Just a couple decades ago, only the young adult children of the very rich, the very religious or the very adventurous ventured abroad to live and work in other cultures.
“It was a life-changing experience for those of us fortunate enough to be offered it,” says Ross Palfreyman a lawyer who recounts his two years as a young missionary during the 1970s in Two Years in God’s Mormon Army.
“If you had wealthy parents, joined the Peace Corps or belonged to a faith with a belief in mission work, you were able to develop empathy and a broader world view at a younger age,” he says.
“In my church, young men typically go abroad for their mission trip at 19 years old and stay for two years. For Baptists, it may be a group of high school students spending their spring break building a church in Haiti. Whatever the reason, the lessons learned were the same: Less ethnocentricity, the gratification that comes from service to your fellow man, self-discipline, self-sacrifice.”
Travel abroad for work and study is no longer the experience of a select few and that has helped shape America’s young adults for the better, Palfreyman says. Surveys show they have a global world view fostered by the internet and social networks that cross boundaries.
Having online “friends” in other countries and being immediately connected to events in faraway lands through social networks such as Twitter makes them curious about and respectful of other cultures, he says.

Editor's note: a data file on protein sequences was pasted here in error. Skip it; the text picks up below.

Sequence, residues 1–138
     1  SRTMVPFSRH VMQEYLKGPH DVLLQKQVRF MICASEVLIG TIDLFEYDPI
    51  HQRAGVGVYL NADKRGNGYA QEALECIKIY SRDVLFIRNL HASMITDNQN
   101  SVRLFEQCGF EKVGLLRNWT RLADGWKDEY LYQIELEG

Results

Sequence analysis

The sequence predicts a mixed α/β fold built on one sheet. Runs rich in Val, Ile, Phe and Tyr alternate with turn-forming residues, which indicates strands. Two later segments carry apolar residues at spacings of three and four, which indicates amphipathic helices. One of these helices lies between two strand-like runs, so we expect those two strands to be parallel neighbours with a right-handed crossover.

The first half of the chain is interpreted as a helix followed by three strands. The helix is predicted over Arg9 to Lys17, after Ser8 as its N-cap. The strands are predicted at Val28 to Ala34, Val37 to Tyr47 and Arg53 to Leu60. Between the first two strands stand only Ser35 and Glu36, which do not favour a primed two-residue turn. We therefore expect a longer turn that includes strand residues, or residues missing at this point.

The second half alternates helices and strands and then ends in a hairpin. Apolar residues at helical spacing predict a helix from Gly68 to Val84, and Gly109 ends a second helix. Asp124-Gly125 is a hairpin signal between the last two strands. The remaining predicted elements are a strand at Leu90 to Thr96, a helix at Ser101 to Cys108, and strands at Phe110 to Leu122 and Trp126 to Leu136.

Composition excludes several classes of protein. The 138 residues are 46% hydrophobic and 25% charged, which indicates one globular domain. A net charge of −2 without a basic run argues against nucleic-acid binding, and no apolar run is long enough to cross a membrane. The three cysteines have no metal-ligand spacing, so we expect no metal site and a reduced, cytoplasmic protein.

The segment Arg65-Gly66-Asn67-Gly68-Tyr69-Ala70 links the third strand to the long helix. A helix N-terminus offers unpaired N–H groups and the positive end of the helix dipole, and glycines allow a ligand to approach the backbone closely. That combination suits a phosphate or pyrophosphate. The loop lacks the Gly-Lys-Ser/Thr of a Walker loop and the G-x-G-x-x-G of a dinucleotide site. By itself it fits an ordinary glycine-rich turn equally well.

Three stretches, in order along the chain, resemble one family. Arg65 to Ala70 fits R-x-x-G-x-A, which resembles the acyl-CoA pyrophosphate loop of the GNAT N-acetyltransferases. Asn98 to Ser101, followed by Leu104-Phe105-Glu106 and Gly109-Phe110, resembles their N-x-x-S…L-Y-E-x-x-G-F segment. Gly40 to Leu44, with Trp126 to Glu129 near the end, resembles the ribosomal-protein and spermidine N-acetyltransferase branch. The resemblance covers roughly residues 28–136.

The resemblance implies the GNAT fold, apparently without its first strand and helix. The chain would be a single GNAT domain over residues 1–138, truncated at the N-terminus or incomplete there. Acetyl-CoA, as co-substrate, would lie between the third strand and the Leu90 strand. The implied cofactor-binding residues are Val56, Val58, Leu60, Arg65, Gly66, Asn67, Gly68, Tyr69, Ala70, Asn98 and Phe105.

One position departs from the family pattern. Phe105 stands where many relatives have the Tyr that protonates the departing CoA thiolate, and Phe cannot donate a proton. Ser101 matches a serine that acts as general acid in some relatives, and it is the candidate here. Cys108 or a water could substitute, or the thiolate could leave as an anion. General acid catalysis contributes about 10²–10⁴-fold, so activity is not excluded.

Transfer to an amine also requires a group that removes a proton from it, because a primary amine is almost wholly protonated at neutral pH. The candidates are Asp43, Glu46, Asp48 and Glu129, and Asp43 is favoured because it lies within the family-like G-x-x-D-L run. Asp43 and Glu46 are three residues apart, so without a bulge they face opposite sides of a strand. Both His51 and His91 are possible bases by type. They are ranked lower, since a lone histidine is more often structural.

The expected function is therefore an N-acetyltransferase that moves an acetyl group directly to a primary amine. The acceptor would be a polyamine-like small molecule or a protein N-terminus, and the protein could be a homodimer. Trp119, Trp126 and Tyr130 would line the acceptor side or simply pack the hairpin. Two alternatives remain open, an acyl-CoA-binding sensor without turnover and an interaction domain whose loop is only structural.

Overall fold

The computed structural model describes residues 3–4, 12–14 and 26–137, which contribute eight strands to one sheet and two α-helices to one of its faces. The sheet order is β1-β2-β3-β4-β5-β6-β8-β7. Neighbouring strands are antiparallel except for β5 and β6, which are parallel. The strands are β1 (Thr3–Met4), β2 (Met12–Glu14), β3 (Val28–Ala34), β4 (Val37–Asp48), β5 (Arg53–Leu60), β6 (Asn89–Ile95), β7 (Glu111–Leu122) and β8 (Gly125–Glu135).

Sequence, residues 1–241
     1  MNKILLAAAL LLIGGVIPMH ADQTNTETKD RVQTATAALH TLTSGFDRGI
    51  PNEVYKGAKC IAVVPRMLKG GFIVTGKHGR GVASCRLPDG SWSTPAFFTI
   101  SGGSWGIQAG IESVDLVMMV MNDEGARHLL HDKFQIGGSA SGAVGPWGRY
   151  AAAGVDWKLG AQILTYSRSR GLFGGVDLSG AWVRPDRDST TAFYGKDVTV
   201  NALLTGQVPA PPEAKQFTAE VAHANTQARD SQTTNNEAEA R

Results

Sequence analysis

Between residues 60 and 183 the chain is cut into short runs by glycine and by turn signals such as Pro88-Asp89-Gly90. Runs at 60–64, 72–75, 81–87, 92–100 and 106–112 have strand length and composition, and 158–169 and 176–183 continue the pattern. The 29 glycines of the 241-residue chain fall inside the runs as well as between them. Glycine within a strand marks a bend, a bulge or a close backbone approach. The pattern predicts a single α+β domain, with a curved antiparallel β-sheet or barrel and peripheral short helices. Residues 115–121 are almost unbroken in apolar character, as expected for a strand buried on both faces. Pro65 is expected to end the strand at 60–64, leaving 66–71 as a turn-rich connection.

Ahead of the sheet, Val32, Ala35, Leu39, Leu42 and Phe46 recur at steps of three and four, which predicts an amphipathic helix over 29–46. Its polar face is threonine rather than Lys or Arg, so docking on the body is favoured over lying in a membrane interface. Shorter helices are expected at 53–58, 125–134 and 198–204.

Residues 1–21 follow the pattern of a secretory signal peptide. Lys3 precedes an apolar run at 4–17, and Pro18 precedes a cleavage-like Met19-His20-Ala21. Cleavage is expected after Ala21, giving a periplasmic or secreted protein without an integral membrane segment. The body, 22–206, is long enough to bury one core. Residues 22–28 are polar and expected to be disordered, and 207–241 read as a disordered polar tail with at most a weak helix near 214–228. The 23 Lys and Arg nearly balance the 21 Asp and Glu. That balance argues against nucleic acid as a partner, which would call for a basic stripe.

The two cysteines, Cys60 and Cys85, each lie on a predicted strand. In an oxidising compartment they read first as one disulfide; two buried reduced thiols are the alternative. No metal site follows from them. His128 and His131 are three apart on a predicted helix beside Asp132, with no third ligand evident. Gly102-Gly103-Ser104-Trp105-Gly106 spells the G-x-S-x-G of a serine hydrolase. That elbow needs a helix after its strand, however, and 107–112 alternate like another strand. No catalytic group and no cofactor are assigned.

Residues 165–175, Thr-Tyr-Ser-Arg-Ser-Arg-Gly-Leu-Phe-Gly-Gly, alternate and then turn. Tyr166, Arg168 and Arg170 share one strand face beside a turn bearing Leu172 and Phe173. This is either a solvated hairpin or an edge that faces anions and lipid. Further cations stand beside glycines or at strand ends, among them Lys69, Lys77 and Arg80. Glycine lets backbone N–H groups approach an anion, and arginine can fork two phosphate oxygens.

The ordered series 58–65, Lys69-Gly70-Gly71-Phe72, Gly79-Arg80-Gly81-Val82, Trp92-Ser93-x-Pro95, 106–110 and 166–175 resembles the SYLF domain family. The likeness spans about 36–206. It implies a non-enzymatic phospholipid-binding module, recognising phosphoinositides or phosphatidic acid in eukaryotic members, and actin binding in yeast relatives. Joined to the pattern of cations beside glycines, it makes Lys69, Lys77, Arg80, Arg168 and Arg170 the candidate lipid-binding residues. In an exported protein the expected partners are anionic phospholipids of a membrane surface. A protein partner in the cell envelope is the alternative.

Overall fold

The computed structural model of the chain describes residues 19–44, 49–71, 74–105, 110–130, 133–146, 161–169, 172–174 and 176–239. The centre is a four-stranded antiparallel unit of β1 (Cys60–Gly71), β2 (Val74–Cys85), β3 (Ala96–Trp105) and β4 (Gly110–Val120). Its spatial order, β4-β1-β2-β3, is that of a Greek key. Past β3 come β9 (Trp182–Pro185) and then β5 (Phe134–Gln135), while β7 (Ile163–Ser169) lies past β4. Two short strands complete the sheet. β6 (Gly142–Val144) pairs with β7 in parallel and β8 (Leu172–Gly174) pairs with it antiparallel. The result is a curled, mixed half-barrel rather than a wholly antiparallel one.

“America’s young adults are the ‘First Globals,’ a term coined by the pollster John Zogby,” Palfreyman says. “The group of people born from 1979 to 1990 travel; they embrace and feel connected to other cultures; they want to make a difference.”
That’s exactly what his two years as a missionary did for him, Palfreyman says.
He notes these characteristics of 22- to 33-year-olds:
• Two-thirds have passports. By comparison, according to officials from the U.S. Travel Association, less than one-third of all Americans – 30 percent – have passports. Two of five Globals say they expect to live and work in a foreign capital at some time in their lives.
• 270,000 young people studied abroad in 2009-10. In 1989-90, only about 30,000 did so, according to the International Institute of Education. While Western European countries are still their top destinations, students are increasingly choosing more far-flung locales, especially China and other Asian nations.
• They want to “make the world a better place to live.” A study of 10,000 adults by Campbell & Co. fundraising consultants found this group is more likely than any other generation to cite world improvement as the key reason for their philanthropy. (They also give just as much as other generations.)
• They want to make a global impact. The Campbell study found they are most likely of all age groups to respond positively to messages that focus on the global impact of an organization’s work.
The problems we face today, such as global warming and regional conflicts, will require nations and cultures to work together toward solutions, Palfreyman says.
“This generation just might be able to achieve that.”
Ross H. Palfreyman is a Laguna Beach, Calif., lawyer who began his mission work in 1973 in Thailand, during the Vietnam War and the Thai Revolution of ’73. Two years of trying to convince devout Buddhists that they’d be better off as Mormons was trying enough, he also was threatened at gunpoint and fended off parasites and rabid dogs during his “indentured servitude.”
Palfreyman initially wrote about his experiences for his six children. His youngest son returns from his mission in Mexico in August.